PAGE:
President Carter, as has become apparent, has adopted a new public style since his "domestic summit conference" at Camp David. Whether he is addressing a national television audience or a group of reporters over lunch, the president is trying to be more forceful, to project the image of a man in charge.
In the last week, it also has become apparent that one of Carter's closest aides, a man who in many ways publicly mirrors the mood of the White House, is trying to do something of the same.
For the last several days, presidential press secretary Jody Powell has been doing his best to repress his naturally competitive and sometimes combative personality in his daily briefings of White House reporters.
Powell, it often has seemed, enjoys nothing more than verbal combat with the president's enemies, real or perceived. Naturally quick-witted and skilled in parrying questions, he seldom passed up a chance for a sarcastic or otherwise deflating retort to a question he didn't like. Sometimes, he was just nasty.
But not last week. Instead, Powell appeared at the daily briefing prepared with long answers to questions he anticipated, pushing Carter's point of view. When opportunities for the quick retort he specializes in inevitably arose, he passed them up for the most part.
The "new" Powell demeanor has not come about entirely by accident. During the Camp David discussions, some of Carter's visitors told him his longtime press secretary and close aide seemed overwrought, too quick to lose his temper and to look for fights with the press. The president met with Powell at the presidential retreat, passing on the perception that the press secretary's sometimes short-tempered ways were not doing any good.
In an interview last week, Powell confirmed that he deliberately has sought to adjust his style to smooth relations with the White House press corps.
The month of July, Powell noted, with its abrupt cancellation of Carter's energy speech, the mysterious comings and going at Camp David and the purge of the Cabinet, produced a fair amount of turmoil in the press corps."
"I thought it was to everybody's benefit to get things back to normal," he said. "I thought I ought not to do anything that unintentionally would rub things rawer, rub the scabs off. It was time to spread a little oil on the waters."
Powell spent the entire 10-day period of the "domestic summit conference" at Camp David, out of touch with his constituents, the White House press corps. But he occasionally briefed reporters on the Camp David talks, using a method that reduced the routine of the daily White House briefing to its ultimate absurdity.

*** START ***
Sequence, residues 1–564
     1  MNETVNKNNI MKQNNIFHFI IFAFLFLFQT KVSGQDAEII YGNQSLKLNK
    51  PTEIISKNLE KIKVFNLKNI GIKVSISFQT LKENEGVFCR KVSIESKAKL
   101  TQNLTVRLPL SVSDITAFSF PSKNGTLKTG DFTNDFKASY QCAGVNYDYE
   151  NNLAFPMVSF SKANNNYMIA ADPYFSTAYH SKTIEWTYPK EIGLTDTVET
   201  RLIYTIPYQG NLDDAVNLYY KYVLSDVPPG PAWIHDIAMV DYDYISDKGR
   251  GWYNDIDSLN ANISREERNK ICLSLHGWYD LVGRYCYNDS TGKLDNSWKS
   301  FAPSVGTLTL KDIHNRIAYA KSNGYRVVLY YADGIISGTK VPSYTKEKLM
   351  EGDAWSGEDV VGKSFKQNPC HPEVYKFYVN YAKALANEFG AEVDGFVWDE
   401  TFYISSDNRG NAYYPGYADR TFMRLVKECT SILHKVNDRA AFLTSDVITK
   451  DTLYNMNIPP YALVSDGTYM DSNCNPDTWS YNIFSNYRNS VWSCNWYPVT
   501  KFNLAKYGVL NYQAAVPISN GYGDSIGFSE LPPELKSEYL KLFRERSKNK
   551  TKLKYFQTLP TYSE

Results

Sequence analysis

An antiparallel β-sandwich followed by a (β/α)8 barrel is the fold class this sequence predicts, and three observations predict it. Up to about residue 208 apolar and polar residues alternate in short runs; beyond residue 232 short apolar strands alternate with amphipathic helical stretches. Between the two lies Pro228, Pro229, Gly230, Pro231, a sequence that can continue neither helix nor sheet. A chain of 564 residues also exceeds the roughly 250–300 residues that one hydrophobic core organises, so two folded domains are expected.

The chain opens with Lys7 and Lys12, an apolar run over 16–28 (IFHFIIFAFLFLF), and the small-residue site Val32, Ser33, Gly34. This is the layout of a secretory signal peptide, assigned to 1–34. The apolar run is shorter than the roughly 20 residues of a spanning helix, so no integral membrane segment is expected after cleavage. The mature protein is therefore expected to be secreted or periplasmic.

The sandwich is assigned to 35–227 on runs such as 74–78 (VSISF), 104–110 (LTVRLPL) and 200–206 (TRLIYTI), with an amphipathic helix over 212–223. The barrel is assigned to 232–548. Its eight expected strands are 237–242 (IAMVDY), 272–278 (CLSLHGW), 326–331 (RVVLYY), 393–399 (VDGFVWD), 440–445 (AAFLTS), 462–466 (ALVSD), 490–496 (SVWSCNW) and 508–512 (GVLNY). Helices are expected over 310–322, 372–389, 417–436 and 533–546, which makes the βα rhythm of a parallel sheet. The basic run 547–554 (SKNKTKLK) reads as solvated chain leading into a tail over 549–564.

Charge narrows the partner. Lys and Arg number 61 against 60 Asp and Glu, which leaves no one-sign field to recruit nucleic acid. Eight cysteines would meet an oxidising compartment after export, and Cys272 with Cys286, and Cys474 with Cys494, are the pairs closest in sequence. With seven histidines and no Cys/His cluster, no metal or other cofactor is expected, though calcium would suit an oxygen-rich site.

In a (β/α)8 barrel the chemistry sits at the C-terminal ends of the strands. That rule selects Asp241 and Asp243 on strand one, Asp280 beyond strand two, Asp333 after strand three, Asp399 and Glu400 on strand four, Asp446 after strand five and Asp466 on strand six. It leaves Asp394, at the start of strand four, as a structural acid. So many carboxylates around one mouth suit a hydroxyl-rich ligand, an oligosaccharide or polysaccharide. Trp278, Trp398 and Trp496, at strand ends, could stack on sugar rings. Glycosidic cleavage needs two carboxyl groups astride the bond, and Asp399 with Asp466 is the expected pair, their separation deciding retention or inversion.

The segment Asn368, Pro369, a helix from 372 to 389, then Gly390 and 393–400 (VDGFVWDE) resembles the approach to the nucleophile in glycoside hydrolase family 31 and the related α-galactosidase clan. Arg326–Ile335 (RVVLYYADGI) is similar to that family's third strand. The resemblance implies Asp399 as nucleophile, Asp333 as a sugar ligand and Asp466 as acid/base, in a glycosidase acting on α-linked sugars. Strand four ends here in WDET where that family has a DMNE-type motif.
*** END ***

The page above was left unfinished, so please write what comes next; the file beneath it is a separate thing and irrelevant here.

Every day or so during the summit, with no particular pattern, reporters were called to the White House in late afternoon. They gathered in Powell's office, filling the furniture and sitting on the floor.
On Powell's desk is a loudspeaker connected to a telephone. At the appointed hour, Powell called his own office and, his voice amplified by the loudspeaker, reported on the day's activities at Camp David.
The press secretary's deputy, Rex Granum, sat behind Powell's desk and relayed questions. The voice from the mountaintop then replied.
The exercise tended to fray nerves both in White House offices and in the press room. Powell said he was aware of this, as well as of the suspicions - fed by such actions as the president's announced intention to cut back on Washington press conferences - that the Carter White House was about to declare war on the Washington press corps.
In this atmosphere, Powell said, "It was my view that if I had been my normal self there was a reasonable likelihood that some would not take it as just Powell jabbing people like he always does, but to put it in another context" - possibly reading dark motives into his behavior.
That perception, as much as his chat with Carter at Camp David, resulted in the emergence of the more serious and less sarcastic Jody Powell, he said.
And how long can reporters expect this to last? Powell was asked.
"I don't know," he replied. "The other thing is I've had a toothache for about two weeks and finally got it fixed. That might have more to do with it." CAPTION: Pictures 1 and 2, no caption, By Harry Naltchayan - The Washington Post